If you want to begin doing woodworking with hand tools, it’s hard to know where to begin. There are so many woodworking tools on the market. A beginner’s tool kit need not be large, and you can do good work with only a few basic tools. I posted the following list here on my blog nine years ago, and I still think it’s a good list (with a couple additions at the end).
When I began working wood in earnest, I had almost no woodworking tools. I owned a circular saw, an electric drill, a couple hammers, a tape measure, and a helplessly dull hand saw. Then I took a couple courses in hand-tool joinery at the School of Woodworking at Homestead Heritage in central Texas. There I was taught to cut three basic joints using ten hand tools. In preparation for the first class, the instructor distributed a list of basic hand tools that would be used in the course. My skills have developed a lot since then, but I still use many of the same techniques I was taught there. I have modified the list based on my own needs and practices, and I offer it here as a way to begin working wood.
Woodworking doesn’t have to be an expensive hobby, although it frequently is. You can build most anything you need using the tools below. Of course I now have more tools than this, but these are still the tools I reach for most often.
- An accurate combination square. Get a good one. Most hardware store brands are inaccurate. PEC squares, such as the Lee Valley and Woodcraft brand, are a good value.
- A set of chisels: 1/4”, 1/2”, 3/4” and 1”
- A layout knife. A utility knife or Exacto knife is adequate to begin with, or you can make one.
- A marking gauge. Eventually you will want several, including a mortise gauge.
- A dovetail or gents saw (Crown is fine)
- A carcase saw. This is a small backsaw, usually 10”-12” in length. A vintage saw, such as a Disston or Atkins, is an excellent choice.
- A regular hand saw, 8-12 ppi, filed for crosscuts. Again, find a good vintage saw, such as a Disston or an Atkins.
- A small hammer for tacks and joint assembly. A ball peen or small claw hammer works well.
- A solid joiner’s mallet. Buy one, or make your own.
- A handplane. A used Stanley, such as a #4 or #5, is a good choice.
- A jointer plane. Again, a used Stanley #7 is excellent.
- A flat-bottomed spokeshave. A vintage Stanley 151 works very well.
- Sharpening equipment: coarse abrasive, fine abrasive, and a strop.
- A box Band-Aid Tough Strips. $3 at Wal-Mart, and worth every penny!
It is imperative that you have functioning sharpening equipment. The most expensive tools in the world are useless if they are dull. It is generally recommended that you put your money into a good layout square and a good smoothing plane. Many good tools can be found used and at lower costs than they can be bought new. Look especially for used saws, hammers, and planes. However, used tools must often be cleaned and/or repaired before use. There are several excellent guides available for those who wish to learn to restore vintage woodworking tools.
No debate is more intense in the hand-tool world than the ongoing debate on sharpening materials and techniques. My advice is to pick one method and stick with it until you master it. Here are some options for sharpening.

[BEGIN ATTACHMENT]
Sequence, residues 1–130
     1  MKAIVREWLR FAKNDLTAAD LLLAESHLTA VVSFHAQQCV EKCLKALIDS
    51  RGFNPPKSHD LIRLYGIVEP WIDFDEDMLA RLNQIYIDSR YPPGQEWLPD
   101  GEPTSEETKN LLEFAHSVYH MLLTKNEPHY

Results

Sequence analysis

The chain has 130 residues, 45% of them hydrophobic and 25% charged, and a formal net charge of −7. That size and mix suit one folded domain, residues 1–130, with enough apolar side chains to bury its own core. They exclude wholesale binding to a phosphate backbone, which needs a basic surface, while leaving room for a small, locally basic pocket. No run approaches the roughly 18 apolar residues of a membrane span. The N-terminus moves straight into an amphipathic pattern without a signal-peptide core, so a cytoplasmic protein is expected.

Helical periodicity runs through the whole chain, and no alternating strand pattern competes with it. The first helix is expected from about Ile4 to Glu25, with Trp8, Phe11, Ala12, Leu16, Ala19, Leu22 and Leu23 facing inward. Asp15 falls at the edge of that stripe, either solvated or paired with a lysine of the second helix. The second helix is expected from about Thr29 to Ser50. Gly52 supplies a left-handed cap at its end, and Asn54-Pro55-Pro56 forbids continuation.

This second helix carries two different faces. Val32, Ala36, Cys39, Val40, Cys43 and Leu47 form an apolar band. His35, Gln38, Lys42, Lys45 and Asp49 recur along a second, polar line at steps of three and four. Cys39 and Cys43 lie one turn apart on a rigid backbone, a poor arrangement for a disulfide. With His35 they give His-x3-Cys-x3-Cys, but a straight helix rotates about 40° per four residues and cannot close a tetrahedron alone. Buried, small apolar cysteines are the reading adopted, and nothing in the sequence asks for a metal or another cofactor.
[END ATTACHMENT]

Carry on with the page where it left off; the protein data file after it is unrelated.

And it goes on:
- For starters, try the “Scary Sharp” method, which uses sandpaper on a hard, flat surface. Oil stones, waterstones, and diamond stones are also great choices. DMT makes a 2-sided coarse/fine stone, which is a good economical choice for diamond stones.
- A strop is a piece of leather glued to a flat piece of seasoned hardwood, and usually rubbed with an abrasive compound. Lee Valley sells a very good honing compound. The strop both polishes the edge and cleanly removes any burr left from the coarser abrasives, resulting in a smooth, keen edge.
- Taper files for sharpening saws, and a saw set. This is not an immediate need, but at some point your saws will get dull, and you will have to either sharpen them or replace them.
As I read over my original list, I have only two additional tool recommendations, as well as recommendations for books that weren’t available when I made the initial post.
- Clamps. You will need to clamp your joints together as the glue dries. (Did I mention you will also need wood glue? Any wood glue on the market will be fine. Don’t over-think this one. And don’t buy too much at a time–the small bottle is just fine.) The most versatile clamps for a beginner are pipe clamps. Get the kind that work with 1/2″ black pipe, and buy lengths of pipe as you need them. You should have at least four pipe clamps to begin with.
- A workbench with a vise–a woodworker’s vise, not a machinist’s vise. You don’t need a big, fancy bench at first, but you do need something that is sturdy and heavy enough that it won’t wobble or scoot across the floor in use. There’s nothing wrong with screwing together 2X6s from the lumberyard. (2X6s tend to be better quality than 2X4s and aren’t any more expensive inch-for-inch.) Good dimensions are 6-8 feet long, 2-3 feet deep, and 32-34 inches tall.
And that brings me to books. One of the best investments you can make in this hobby is not in tools or wood but in information. Before you build your first serious workbench, buy and read Workbenches: From Design and Theory to Construction and Use by Chris Schwarz. You will learn all about what a workbench can and should do, and you will avoid many pitfalls in design and construction.
Lastly, as you continue to build your tool kit, it will be worth your time to buy and read The Anarchist’s Tool Chest, also by Chris Schwarz. The book isn’t cheap, and the writing style is pedestrian, but you will not find a better single-volume guide to selecting and using hand tools any time soon.